Walking for hunger—helping victims; not fixing the problem


Covering the entire front page of my local newspaper last week was the hunger walk image shown here. It was advertising a local Crop Hunger Walk scheduled to take place in Mystic, CT, on October 14. The article went on to say that over $300,000 had been raised since their first local WALK in 1976. So where does the money go?

It goes to Church World Service (founded 1946) a cooperative ministry of 37 Christian communions working together to eradicate hunger and poverty and promote peace and justice among the world’s most vulnerable people.

The good news here is that people everywhere want to help. They give their time, they donate their money and they organize events like this one to encourage others to do the same. The problem is that there is a much larger picture that few people anywhere truly understand—including our world leaders.

In a nutshell, that big picture is that we are rapidly approaching the physical capacity of our planet to sustain a steadily growing population who are consuming the highly inefficient meat & dairy-based western diet in ever increasing numbers. The first big problem is population growth. And the second big problem is that the way we are living & eating is simply unsustainable.

But the people who are “walking for hunger” don’t understand that “big picture” — and the money they raise is primarily spent on helping the victims of our excessive population growth and unsustainable lifestyle. Their walking is doing nothing to fix the underlying problem.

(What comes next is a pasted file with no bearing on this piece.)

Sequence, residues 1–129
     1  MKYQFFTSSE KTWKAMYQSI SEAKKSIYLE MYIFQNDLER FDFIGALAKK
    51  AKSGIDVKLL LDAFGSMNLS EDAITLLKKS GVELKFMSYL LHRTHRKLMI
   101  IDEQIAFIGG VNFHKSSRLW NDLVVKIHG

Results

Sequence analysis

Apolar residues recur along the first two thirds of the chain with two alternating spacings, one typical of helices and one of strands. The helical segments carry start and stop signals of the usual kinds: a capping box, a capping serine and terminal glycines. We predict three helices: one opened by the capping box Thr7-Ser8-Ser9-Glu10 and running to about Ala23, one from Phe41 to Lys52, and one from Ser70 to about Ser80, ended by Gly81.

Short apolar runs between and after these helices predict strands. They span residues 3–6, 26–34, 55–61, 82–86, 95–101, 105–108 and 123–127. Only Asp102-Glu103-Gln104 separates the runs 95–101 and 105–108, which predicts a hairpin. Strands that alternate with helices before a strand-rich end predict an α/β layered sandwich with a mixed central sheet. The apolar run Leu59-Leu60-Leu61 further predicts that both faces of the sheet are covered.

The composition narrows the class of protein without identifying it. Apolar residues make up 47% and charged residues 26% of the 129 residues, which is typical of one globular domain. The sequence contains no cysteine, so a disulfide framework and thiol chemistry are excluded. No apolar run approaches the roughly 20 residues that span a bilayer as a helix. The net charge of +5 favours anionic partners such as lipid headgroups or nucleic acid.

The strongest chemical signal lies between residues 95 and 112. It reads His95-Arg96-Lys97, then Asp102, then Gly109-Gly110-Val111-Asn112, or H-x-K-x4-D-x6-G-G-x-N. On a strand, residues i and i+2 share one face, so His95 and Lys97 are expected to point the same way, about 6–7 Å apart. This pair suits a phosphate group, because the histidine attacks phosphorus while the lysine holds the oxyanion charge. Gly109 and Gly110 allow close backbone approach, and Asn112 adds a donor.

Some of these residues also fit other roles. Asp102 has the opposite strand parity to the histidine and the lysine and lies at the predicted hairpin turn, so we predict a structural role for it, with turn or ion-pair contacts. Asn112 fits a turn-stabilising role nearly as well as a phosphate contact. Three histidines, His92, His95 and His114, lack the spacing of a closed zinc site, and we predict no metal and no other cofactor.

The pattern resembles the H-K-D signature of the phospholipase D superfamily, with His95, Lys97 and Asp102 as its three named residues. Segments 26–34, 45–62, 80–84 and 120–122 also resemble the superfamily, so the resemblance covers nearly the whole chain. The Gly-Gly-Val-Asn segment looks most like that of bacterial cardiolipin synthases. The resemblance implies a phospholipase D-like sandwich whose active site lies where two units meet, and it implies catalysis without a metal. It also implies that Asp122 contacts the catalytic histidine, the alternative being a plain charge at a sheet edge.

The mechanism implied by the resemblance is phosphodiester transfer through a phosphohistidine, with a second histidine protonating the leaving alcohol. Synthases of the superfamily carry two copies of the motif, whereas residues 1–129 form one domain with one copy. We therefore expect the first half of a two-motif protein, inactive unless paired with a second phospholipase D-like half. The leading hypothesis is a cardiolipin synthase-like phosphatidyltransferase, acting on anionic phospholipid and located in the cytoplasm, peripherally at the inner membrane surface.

Like ours, Mr. Brown’s book features a single apple on the cover. And like our apple, his tells a story.

As I said, the first piece of our problem is population growth—growing from one billion in 1804 to the seven billion that we have today. An excerpt from Lester Brown’s new book, Full Planet, Empty Plates.

One of the consequences of this explosive growth in human numbers is that human demands have outrun the carrying capacity of the economy’s natural support systems— its forests, fisheries, grasslands, aquifers, and soils.

Once demand exceeds the sustainable yield of these natural systems, additional demand can only be satisfied by consuming the resource base itself. We call this overcutting, overfishing, overgrazing, overpumping, and overplowing. It is these overages that are undermining our global civilization.

Our wasteful lifestyles. The other part of our “big picture” global problem is the way we live and eat in the western world. Our large homes, with big lots and requiring lots of driving for basic needs is a problem that can not be easily solved anytime soon. But an even bigger problem is one that could be resolved in a much shorter time-frame. That problem is our incredibly wasteful way of eating.

The typical western diet; a disaster for your health, your environment and the long-term sustainability of the human race.

Our typical western diet that over 90% of Americans are eating is not only undermining our health, it is wasting our precious natural resources at an incredible pace. Compared to a powerful health-promoting diet of mostly whole plant foods, our meat & dairy-based western diet (on a per calorie basis) requires over ten times as much water, ten times as much energy and ten times as much land.

That coupled with the fact that the world has an additional 219,000 people at the dinner table each night, spells disaster like we have never seen. Meanwhile, those kind and generous people who’re out walking for hunger—are unaware of these facts as they innocently continue eating that same wasteful & unsustainable diet themselves while raising money to help the victims of all of the above in some faraway land.